The marginal rate of technical substitution is the amount of capital that the manufacturer should refuse to use with an increase in labor costs per unit when old and new resources provide the same output.
The marginal rate of technical substitution (MRTS) shows the ratio of a change in one production factor to a change in another factor subject to low production. MRTS= ΔK/ ΔL is a formula, where ΔK is a capital change, ΔL is a labor change. The proportion shows the marginal rate of technical substitution of capital by labor, provided that the volume of production remains unchanged, that is, the production level is located on the same isoquant.
MRTS is closely related to the marginal products of production factors. If the amount of one of the elements is reduced, the volume of output will decrease. Therefore, it is necessary to increase the quantity of another factor for the production volume to remain unchanged. The isoquant has a convex shape, and, as it moves down the isoquant, the marginal rate of technical substitution tends to decrease (Fig.1). In segment AB, output volume does not change when two units of capital replace one unit of labor. Thus, in this case, the marginal rate of technical substitution of labor on capital is equal to two.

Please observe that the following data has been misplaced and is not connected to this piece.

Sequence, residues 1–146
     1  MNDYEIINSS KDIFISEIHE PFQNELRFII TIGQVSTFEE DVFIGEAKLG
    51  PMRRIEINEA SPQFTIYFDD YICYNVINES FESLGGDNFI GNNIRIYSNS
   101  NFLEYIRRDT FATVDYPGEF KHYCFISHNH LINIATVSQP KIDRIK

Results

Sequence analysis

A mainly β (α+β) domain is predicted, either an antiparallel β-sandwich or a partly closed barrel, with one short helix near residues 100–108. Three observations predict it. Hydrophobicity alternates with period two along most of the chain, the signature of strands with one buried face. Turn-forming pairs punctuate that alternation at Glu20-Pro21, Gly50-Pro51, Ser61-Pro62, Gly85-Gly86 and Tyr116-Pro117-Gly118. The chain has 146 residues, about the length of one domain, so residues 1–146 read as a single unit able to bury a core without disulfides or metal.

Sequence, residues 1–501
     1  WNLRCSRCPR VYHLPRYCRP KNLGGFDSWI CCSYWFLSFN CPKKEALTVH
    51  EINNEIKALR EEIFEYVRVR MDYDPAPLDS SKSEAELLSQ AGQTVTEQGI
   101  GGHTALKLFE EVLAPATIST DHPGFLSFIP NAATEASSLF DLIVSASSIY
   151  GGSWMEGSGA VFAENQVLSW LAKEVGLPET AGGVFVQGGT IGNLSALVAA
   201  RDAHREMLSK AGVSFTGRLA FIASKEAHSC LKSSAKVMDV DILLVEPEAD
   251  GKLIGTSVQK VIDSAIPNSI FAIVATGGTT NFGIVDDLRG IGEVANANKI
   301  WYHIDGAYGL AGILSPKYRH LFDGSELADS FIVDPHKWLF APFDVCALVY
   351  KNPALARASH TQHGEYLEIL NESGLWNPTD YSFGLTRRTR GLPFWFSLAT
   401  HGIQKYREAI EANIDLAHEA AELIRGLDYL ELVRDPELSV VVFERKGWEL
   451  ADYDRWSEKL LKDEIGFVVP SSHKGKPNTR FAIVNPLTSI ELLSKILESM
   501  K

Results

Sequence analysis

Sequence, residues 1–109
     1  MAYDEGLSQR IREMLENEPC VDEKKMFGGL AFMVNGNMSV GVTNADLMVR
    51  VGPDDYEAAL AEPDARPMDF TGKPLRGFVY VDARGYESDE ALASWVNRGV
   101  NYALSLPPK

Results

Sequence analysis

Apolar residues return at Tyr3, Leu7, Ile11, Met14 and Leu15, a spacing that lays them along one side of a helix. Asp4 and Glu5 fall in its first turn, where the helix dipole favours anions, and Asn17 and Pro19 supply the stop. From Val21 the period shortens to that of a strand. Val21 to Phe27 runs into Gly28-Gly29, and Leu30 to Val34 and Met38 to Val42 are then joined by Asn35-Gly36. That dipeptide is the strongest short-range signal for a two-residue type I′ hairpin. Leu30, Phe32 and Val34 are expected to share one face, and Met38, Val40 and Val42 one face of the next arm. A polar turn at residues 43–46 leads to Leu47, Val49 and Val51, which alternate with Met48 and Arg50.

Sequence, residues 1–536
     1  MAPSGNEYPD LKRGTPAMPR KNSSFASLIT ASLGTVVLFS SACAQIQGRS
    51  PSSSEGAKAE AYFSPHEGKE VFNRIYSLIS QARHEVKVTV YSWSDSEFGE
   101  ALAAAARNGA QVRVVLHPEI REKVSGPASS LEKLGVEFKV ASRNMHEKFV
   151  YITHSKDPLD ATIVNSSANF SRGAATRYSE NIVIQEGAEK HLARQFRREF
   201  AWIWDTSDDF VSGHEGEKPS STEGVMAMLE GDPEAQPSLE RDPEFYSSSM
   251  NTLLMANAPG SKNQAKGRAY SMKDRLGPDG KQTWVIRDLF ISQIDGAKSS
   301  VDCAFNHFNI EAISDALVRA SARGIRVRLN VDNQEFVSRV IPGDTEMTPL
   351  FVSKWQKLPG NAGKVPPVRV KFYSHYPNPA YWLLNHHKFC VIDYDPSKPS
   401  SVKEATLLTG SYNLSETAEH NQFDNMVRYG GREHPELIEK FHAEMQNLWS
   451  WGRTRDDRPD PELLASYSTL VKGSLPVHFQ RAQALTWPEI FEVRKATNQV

The economic meaning of the marginal rate of technical substitution is as follows: it expresses the relative value of labor in the manufacturing process, transferred in units of capital. The larger the MRTS, the higher the volume of money that one group of labor can replace in production, and the higher the relative value of labor. The main feature of the marginal rate of technical substitution is that it decreases with an increase in labor costs.